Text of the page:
Stories are powerful. They transport us to new worlds, put us in the shoes of people in different places and times, and they make us hear voices that broaden our perspectives and bring us closer.
This has struck me particularly acutely over recent months as a parent, author and as someone who lives in a Muslim-minority country. The tropes and stories available in the UK about Muslims are limited and offer inadequate cultural insight. This means that it is easy to revive stereotypes about Muslims that trigger misunderstanding and hostility. I started writing precisely to harness the power of stories to build better societies.
There is a power in being able be able to assert your own narrative. Over recent months, Muslims in Muslim-minority countries have attempted to tackle the negativity, such as what the Muslim community had to deal with in the aftermath of the 9/11 terror attacks. Similar dark clouds, perhaps even more ominous, seem to loom overhead.
Despite this, or perhaps because of it, Muslims need to think much more creatively and for the long term about how to make a difference and change perceptions. Cultural power is key to this. Making a difference won’t happen overnight, but it is a longer-term project that might take generations.
One of the biggest gaps, and where a big impact can be made, is ensuring more books are written with diverse Muslim stories and these are available to children. This is where the future lies. Yes, it’s a long-term investment, but getting books to a wide a range of children is an important way to change attitudes within society.
Today, the number of UK authors who are Muslim, or from minority ethnic backgrounds, or that feature positive and nuanced characters from these backgrounds are still sadly rare. And in the UK, for example, many local community libraries are closing, and school libraries too often have budget and time pressures to ensure that there are more diverse stories available.
As a pilot to change that, I have been working with a large group of Muslim parents at my children’s school, and in collaboration with the school, on a “Muslim books gift list” with a gift bundle, and I want to advocate for other parents in other parts of the world to take similar initiatives.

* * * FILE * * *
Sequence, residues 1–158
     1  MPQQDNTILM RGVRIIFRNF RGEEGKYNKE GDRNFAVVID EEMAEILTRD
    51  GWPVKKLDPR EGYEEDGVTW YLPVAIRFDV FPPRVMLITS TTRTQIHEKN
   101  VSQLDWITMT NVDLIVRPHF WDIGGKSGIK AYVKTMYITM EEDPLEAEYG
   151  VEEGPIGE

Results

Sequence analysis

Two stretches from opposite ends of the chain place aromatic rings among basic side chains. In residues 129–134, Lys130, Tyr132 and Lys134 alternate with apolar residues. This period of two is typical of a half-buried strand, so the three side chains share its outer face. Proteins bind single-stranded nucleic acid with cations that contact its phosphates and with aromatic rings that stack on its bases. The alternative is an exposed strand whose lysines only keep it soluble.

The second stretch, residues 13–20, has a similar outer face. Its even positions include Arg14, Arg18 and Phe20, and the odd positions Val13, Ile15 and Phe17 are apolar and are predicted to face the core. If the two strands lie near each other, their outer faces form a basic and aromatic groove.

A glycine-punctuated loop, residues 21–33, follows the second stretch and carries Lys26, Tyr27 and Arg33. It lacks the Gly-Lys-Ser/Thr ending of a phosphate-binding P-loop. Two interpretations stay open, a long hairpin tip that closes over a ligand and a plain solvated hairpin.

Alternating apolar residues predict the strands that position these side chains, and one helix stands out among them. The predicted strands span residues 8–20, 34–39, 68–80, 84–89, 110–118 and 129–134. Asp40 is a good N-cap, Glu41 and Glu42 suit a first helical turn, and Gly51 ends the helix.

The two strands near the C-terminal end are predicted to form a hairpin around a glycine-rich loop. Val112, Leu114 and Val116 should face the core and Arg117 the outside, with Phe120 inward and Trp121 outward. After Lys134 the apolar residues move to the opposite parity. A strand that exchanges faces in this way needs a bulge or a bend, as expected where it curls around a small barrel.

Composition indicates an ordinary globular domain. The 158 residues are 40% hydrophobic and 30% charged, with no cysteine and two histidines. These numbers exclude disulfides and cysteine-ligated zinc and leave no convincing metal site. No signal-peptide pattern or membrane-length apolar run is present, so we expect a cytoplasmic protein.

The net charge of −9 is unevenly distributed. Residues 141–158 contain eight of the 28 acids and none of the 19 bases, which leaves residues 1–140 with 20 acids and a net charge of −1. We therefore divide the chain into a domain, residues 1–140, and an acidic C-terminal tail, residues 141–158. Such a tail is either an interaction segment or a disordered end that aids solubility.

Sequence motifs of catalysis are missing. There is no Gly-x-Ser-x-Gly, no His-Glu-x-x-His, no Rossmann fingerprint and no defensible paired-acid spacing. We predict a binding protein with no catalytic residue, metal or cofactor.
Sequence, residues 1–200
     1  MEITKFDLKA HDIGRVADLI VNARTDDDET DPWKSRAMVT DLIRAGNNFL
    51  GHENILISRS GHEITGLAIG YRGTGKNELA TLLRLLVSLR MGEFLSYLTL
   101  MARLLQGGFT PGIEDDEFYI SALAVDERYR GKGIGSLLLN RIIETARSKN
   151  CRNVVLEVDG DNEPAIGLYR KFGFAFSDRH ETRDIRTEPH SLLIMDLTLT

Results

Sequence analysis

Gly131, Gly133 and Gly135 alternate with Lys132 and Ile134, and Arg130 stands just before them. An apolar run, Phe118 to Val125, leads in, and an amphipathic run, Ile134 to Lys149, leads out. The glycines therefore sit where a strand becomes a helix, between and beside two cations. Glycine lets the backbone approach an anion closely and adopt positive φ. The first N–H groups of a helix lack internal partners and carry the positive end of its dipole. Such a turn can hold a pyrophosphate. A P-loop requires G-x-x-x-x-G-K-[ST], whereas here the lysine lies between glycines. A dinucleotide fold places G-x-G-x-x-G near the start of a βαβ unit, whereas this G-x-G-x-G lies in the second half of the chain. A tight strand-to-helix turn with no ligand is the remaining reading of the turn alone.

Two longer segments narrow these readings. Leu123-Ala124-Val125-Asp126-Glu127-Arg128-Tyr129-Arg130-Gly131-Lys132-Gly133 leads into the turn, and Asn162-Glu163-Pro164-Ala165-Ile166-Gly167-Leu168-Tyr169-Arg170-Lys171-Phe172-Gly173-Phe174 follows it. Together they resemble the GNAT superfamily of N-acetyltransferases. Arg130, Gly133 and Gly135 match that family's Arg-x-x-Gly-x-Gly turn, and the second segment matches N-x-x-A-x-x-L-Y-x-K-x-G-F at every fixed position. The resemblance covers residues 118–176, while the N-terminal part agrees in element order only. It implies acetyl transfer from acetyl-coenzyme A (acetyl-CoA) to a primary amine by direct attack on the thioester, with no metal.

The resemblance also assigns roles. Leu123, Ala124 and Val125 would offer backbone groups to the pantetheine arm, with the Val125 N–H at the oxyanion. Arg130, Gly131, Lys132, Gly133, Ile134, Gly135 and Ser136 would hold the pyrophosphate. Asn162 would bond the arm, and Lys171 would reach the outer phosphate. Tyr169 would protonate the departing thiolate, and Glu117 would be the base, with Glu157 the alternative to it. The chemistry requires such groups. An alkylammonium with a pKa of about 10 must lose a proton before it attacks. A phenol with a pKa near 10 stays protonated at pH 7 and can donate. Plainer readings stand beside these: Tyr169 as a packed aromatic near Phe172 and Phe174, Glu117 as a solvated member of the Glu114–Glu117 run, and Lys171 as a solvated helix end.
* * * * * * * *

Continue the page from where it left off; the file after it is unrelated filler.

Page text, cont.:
As Muslim parents in the UK, with diverse heritages, sharing the gift of stories with schools, our children, their families and communities feels personal. Many of us grew up longing to read stories like these, and longing that others would be able to read them, too, so that they could know who we really are. It is a gift to find ourselves written into a culture we live in, and on our own terms.
I know the power this can have. When I published my first book in 2009, there were barely a handful of books by contemporary Muslim authors speaking about their experiences and perspectives. Starting to put together a list of Muslim authors by mainstream publishers for children today, 15 years later, is an emotional experience because there has been so much progress. There’s more to be done, but giving books to schools, libraries, festivals, furthers an important goal – of changing culture, narratives, stereotypes and advocating for oneself and others.
But there is something even bigger that Muslims, Muslim parents and educators can achieve – and that is improving the chances of all children, especially those from poorer and deprived backgrounds, to thrive.
When it comes to children’s life successes, there is more research coming to light about the transformative role of reading for pleasure.
Reading for enjoyment has a bigger effect on educational success than a family’s socio-economic status. Reading for pleasure also has positive emotional and social consequences. Children themselves recognise this because they choose to read because of how it makes them feel.
By having access to a wider choice of books and seeing themselves represented in the stories and in the authors, we parents hope that this will build children’s positive feelings about themselves and encourage them to read.
The best ever definition I’ve come across of a book is that it is an idea in a story. The idea of a “Muslim books gift list” is for stories to be a catalyst for change in society and for each child to build their own life story.